Contractor provisions door-to-door sales of goods

Status: Current
Version Number: 1
Legislation: Payroll Tax Act 2009
Date Issued:  1 July 2009

Revenue Rulings do not have the force of law.


The Payroll Tax Act 2009 (the “Act”), which commenced on 1 July 2009, rewrote and repealed the Pay-roll Tax Act 1971 and provides fully harmonised legislation with New South Wales, Victoria, Tasmania and Northern Territory.

The contractor provisions are contained in Division 7, Part 3 of the Act. Under these provisions, the respective persons under a relevant contract are taken to be employer and employee and payments made under such a contract are taken to be wages for payroll tax purposes.

Although most contracts for the provision for services initially come within the meaning of a relevant contract under Section 32 of the Act, there are certain types of contracts that are specifically exempt from the definition of a relevant contract. One of these exemptions, provided under Section 32(2)(d)(iii) of the Act, relates to a contract under which a person is supplied services for or in relation to the door-to-door sale of goods solely for domestic purposes.

Accordingly, payments made under such a contract are exempt from payroll tax.

The purpose of this Revenue Ruling is to explain the exemption for contractors engaged in the door-to-door sales of goods for domestic purposes.


The exemption for door-to-door sales of goods for domestic purposes will only apply if all the following criteria are satisfied:

  1. The sale is not made to a body corporate.
  2. The salesperson is not an employee, but has an agency arrangement for the door-to-door sale of goods directly to the public.
  3. The goods must not be purchased for the purpose of retailing or reselling or hiring.
  4. The sale is to have taken place either at a customer’s residence, or at the customer’s place of work, or elsewhere than at the vendor’s trade premises or a place where goods of that sort are normally offered for sale.
  5. Where the sale is made away from the vendor’s trade premises, this cannot have been made as a consequence of the request of the customer or the agent of the customer.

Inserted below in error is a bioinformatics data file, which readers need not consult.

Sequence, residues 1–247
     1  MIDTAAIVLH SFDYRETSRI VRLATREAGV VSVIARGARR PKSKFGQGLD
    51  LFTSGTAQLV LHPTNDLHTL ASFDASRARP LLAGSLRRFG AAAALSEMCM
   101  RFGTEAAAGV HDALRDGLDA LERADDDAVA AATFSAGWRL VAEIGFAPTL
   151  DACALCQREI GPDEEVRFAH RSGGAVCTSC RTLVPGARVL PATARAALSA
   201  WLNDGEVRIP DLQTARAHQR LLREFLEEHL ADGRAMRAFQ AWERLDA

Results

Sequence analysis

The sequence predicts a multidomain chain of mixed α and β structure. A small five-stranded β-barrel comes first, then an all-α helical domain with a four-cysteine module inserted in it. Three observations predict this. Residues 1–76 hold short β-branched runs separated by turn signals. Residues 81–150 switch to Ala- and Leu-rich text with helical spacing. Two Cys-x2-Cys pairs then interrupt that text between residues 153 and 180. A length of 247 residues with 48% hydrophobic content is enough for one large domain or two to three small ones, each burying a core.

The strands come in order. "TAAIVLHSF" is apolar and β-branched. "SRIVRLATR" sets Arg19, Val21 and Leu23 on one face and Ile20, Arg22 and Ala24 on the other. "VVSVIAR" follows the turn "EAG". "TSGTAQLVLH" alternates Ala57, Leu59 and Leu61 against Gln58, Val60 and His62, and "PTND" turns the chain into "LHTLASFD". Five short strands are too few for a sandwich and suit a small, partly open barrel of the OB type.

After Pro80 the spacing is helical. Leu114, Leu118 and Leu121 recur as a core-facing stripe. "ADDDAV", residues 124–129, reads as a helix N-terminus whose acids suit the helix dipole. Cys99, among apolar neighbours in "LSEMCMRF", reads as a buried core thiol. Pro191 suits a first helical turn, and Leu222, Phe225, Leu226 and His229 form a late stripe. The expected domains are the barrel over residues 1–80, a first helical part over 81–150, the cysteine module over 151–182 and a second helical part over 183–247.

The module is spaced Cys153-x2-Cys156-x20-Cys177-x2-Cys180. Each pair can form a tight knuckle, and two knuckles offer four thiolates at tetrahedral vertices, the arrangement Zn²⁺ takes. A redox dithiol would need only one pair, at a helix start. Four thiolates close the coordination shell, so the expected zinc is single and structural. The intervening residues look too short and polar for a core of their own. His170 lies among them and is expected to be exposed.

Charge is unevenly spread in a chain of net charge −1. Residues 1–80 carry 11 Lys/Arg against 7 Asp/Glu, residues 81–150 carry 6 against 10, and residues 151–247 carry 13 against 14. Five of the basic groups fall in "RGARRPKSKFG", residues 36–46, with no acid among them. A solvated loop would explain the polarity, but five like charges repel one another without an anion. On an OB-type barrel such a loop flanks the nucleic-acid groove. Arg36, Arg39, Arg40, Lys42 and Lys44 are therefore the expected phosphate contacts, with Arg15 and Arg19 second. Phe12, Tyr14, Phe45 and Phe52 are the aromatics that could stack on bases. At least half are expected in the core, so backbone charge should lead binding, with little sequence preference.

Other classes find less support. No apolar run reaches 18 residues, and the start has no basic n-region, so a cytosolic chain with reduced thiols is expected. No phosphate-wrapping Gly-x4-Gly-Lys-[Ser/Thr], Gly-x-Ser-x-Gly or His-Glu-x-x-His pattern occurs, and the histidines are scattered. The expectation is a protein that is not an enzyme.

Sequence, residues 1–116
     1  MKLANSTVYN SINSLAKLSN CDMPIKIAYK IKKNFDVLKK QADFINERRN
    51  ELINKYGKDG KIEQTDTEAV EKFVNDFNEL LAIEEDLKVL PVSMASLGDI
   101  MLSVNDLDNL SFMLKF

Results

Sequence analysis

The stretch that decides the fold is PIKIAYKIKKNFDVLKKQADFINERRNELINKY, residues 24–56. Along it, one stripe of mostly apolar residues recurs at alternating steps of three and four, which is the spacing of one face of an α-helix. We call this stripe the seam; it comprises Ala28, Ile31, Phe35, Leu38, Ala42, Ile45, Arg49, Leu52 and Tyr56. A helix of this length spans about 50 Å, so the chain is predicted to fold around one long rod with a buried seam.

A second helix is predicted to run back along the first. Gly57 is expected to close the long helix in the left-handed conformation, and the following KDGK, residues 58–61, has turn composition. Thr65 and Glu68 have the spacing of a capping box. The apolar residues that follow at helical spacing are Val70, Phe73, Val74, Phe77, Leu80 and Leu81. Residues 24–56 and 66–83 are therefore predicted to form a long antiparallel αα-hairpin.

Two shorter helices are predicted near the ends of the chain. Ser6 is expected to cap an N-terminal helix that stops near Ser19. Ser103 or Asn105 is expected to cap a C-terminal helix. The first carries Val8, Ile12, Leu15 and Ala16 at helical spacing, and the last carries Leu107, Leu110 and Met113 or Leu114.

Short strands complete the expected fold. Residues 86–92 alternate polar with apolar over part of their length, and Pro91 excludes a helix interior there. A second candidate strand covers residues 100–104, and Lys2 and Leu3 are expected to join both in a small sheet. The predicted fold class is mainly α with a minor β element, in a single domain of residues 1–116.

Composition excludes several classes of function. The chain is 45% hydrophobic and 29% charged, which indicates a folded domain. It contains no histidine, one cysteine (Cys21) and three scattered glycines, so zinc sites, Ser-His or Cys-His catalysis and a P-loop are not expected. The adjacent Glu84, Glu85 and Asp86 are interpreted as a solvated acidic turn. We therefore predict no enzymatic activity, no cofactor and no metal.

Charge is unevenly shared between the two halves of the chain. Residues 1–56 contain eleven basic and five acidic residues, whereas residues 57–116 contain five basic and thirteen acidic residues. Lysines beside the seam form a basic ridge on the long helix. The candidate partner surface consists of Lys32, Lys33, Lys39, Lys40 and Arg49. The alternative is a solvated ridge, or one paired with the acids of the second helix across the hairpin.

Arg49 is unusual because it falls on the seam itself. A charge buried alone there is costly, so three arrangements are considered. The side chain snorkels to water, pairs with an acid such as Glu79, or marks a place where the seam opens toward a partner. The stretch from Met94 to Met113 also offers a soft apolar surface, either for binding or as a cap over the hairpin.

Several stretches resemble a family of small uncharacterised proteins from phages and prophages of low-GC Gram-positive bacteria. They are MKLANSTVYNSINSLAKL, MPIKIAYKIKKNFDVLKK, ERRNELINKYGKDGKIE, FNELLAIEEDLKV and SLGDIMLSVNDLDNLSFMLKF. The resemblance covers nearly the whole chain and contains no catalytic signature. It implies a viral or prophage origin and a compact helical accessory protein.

6. The original approach (this means, the initial physical attendance, not a telephone contact) leading to the sale was not made at the vendor’s premises.
  7. The exemption applies to all credit sales and cash sales but not sales on a monthly credit arrangement.
  8. Goods purchased must be used by the purchaser solely for domestic purposes and must not include goods purchased to be further processed in the course of manufacture or goods purchased for commercial or industrial purposes.
  9. The term ‘goods’ includes all moveable personal property other than money or livestock and includes any removable fixtures of real estate. It does not include services provided to any personal property or fixtures of real estate, for example, cladding and painting.
  10. Where the sale of goods involves ancillary services, such as the installation of the goods for which a separate fee may or may not be charged or services provided under the warranty period, those ancillary services will not preclude the contract from being an exempt contract under this section.
  11. The agent must personally organise the direct sale of the goods to the end users of the goods.

Note: The exemption will not apply where it has been determined by the Commissioner of State Taxation that the contract or arrangement was entered into with an intention whether directly or indirectly of avoiding or evading the payment of tax.

Where there is uncertainty as to whether an agreement falls within the exemption, clarification can be sought from RevenueSA.

View this Revenue Ruling as a PDF (PDF 248KB)